The two reached out to Williams, who like Hawthorne had developed a robust database of enslaved people in Brazil, with the idea of creating a centralized online project that would allow researchers to cross-pollinate their findings. The team brainstormed the idea with Rehberger and then discussed it with Earl Lewis, who at the time was president of the Mellon Foundation. Lewis brought Gates and David Eltis, a slave-trade historian at Emory University, on board. All along, the idea for the project grew more ambitious, adding the contributions of more scholars over time.
The Brazilian databases and Hall’s — a compendium of about 100,000 enslaved people in Louisiana — are included in the project’s inaugural databases. Enslaved.org also includes 75 biographical stories from Biographies of the Enslaved, a project of the Hutchins Center, and the Slave Voyages Trans-Atlantic Slave Trade database, co-developed by Eltis, among others. About 30 more databases will be added over the next year, including collections from the Library of Virginia, the Maryland State Archives and the Oatlands Historic House and Garden in Leesburg, Va., a former working plantation once owned by wealthy enslaver George Carter, Rehberger said.
The founders of Enslaved.org hope that the open-platform access will help banish the common notion of one-dimensional enslaved people who worked anonymously on plantations, suffered and died. Many enslaved people were greatly skilled — for example, bringing sophisticated knowledge of rice production to the lowlands of Georgia and South Carolina and northeastern Brazil.
“Their knowledge was used to oppress them, but they also contributed greatly to the development of North America” and other slave-holding regions, Hawthorne said.
Enslaved.org uses a powerful database similar to those used by Wikipedia and Yelp to surface information in what is known as the Semantic Web. Through a computing technique called the “semantic triple,” the information is entered in three-part sentences, with a subject, a predicate and an object. “The simplest triple would be something like ‘Maria born 1830,’ then ‘Maria baptized 1834’ and ‘Maria married 1849,’” Rehberger said. Triples can be gleaned from any article, register or biography and then linked with other information in a sprawling network known as a “triplestore.”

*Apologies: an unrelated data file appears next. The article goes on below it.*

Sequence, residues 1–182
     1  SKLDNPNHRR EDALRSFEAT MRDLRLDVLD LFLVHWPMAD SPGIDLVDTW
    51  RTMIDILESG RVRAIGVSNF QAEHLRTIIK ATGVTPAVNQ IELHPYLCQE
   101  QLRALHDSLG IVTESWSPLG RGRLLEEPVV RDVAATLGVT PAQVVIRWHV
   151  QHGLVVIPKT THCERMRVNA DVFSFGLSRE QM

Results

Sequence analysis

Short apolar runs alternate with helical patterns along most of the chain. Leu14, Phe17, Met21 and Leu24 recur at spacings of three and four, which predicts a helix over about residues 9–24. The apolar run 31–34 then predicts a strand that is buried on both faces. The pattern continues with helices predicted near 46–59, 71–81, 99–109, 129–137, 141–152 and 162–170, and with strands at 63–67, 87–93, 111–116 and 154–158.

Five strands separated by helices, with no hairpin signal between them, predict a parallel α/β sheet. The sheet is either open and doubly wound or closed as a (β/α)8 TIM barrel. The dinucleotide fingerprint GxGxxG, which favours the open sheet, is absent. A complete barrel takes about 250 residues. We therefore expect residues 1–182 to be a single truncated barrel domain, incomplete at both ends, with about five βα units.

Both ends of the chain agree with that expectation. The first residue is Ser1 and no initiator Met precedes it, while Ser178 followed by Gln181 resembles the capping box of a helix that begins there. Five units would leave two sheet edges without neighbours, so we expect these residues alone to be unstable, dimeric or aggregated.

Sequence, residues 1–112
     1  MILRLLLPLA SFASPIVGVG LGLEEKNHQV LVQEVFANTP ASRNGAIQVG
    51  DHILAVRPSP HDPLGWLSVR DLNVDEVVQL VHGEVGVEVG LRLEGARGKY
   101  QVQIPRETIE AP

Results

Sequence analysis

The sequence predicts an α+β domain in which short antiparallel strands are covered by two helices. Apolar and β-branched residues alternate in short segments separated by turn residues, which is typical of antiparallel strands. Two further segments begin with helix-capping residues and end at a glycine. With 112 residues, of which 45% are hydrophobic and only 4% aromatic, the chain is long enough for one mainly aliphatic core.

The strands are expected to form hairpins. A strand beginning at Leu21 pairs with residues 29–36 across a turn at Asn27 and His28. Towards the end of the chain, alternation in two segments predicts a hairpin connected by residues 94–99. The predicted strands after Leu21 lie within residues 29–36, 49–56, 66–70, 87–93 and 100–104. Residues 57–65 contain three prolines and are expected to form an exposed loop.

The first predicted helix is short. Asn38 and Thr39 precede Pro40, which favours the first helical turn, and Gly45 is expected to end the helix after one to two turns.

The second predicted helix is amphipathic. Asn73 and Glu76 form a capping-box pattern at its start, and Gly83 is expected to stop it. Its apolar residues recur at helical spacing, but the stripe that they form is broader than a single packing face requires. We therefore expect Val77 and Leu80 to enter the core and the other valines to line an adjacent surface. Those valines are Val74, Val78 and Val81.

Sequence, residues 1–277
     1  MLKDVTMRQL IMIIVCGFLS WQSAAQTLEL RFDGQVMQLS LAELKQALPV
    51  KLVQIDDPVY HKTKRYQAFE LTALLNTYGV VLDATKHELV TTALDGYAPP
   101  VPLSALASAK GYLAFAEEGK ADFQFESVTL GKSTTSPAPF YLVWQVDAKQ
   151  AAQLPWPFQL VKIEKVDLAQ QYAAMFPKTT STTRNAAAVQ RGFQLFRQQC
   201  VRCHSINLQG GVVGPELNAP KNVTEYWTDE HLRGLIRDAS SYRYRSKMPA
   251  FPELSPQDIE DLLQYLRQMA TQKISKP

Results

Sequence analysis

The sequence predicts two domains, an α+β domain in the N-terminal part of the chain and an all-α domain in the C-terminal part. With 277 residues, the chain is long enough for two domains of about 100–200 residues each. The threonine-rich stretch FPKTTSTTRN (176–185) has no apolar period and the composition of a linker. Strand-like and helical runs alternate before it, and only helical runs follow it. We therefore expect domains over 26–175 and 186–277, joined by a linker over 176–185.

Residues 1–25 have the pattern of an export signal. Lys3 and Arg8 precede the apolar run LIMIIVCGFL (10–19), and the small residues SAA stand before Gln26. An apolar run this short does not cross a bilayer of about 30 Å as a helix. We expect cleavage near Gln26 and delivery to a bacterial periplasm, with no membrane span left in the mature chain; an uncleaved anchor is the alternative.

A researcher can cross-reference names, places, events and dates and discover that multiple documents are referring to the same human being. Each data point tracks back to the original source, providing opportunities to learn more of the context of the enslaved person’s life.
“It’s not just about a name. It’s not just about a date. It’s not just a piece of evidence. You want people to experience the context,” Rehberger said. “It’s like all the moments in a person’s life. … You have all these little facts, and then you have to weave them together into a meaningful story.”
The ability to find names of enslaved people varies depending on where they were enslaved. The Catholics who settled in Louisiana or Brazil, for example, baptized enslaved Africans and gave them Christian names. In British colonies, where enslaved people were regarded almost entirely as property, names were less likely to be recorded. The 1870 federal census, the first after emancipation, was a boon to researchers because it was the first to have names of former slaves.
The project could also be of great value to family historians, who will be able to access the research of top scholars for free, Williams said. A digital academic journal that launched in tandem will include resources for family historians and provide peer review for academic contributions to the project. The team is exploring a partnership with FamilySearch, a free genealogy database run by the the Church of Jesus Christ of Latter-day Saints.
Even with expert knowledge of his own family tree, Gates is excited to see what more he might learn about his ancestors as new data collections move into Enslaved.org. He descends, he said, from freed slaves in Virginia and has been able to identify three sets of fourth great-grandparents. All of them lived within 30 miles of where Gates grew up in Piedmont, W.Va., which was once part of the state of Virginia.
For Gates, there’s no such thing as enough information. Soon to be part of Enslaved.org: A Library of Virginia database of tax records for more than 50,000 free Black people who lived in Virginia between 1793 and 1866. They will include information about gender, age, family, relationships and even physical descriptions, he said. And of course, Gates hopes to find out how much his ancestors paid in taxes.
“That’s gold,” he said.